Canberra airport's managing director Stephen Byron. Photo: Graham Tidy
Canberra Airport says a proposed solar farm at Majura is contrary to plans for a major transport corridor, including a high speed train.
The airport criticised the proposed solar farm last week saying glare from solar panels under the northern landing approach to runway 17 could cause flash blindness for pilots.
Managing director Stephen Byron said the airport had been consulted and had subsequently supported three other solar farms in the territory, but had not been consulted on the Majura development.
Now the airport is widening its criticism, saying the 13-hectare solar plant is proposed on land set aside for the ACT's alignment of a future high speed train.
A consortium which wants to develop the 4MW solar photovoltaic farm under the ACT government's medium-scale solar feed in tariff program rejects the airport's claims.
The land is leased by Majura Winery and stands between the new parkway and Majura Road. It is subject to approval from the federal government's National Capital Authority and the ACT government.
The proponent's spokesman Angus Gemmell says the Civil Aviation Safety Authority does not believe there is a risk to aircraft.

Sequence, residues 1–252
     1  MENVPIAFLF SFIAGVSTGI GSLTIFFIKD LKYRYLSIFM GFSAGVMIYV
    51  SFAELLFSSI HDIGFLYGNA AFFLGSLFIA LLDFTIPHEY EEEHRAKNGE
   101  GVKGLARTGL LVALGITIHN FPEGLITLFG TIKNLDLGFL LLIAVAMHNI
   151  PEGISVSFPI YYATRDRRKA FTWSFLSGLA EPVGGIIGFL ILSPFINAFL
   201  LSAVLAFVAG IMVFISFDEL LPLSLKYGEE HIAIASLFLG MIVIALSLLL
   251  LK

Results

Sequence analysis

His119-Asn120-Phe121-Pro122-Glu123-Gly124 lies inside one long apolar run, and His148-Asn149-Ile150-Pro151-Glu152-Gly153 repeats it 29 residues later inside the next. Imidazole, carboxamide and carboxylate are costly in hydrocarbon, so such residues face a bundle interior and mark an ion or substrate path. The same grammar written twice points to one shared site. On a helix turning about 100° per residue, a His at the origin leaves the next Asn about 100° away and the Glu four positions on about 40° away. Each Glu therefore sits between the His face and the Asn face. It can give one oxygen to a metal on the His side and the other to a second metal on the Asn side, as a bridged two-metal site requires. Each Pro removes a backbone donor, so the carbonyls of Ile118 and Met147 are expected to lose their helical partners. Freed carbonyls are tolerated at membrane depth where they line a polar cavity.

He said the preferred route for any future high speed train was on the other side of Majura Parkway and the site of the development was the least preferred.
The airport has written to the ACT government asking for planning status of the land, and what conditions will change if a power generation station is approved.
Mr Byron said a withdrawal clause in the site's lease could at some point allow for expansion of road works associated with the new Majura Parkway, or a future high speed train.
''Why let someone build a solar farm, a long-term investment with returns over 50 to 100 years, on an area which has a withdrawal clause?
''It is just a contradiction,'' Mr Byron said. He said the proponents only had to move 500 metres to the left or right and they would not be under a flight path.
Mr Byron said the government was building a bridge worth between $8 million to $10 million to access the winery after the construction of the new parkway, presumably for tourism.
''If the (Majura) winery turns (the land) into a solar farm, they won't need the $10 million bridge, will they?''
Mr Gemmell said if the federal government's preferred high speed train route was changed at any stage in the future to the least preferred alignment across the solar farm site, there was enough room to move infrastructure to accommodate it.
''Canberra Airport can be assured the presence of a solar farm is not going to jeopardise any very fast train at any time in the future.''
Mr Gemmell said CASA provided written confirmation to the National Capital Authority that they had looked at reports on solar farms and were satisfied they presented no risk to airport safety.
''I think Canberra Airport have been given a copy of that,'' he said.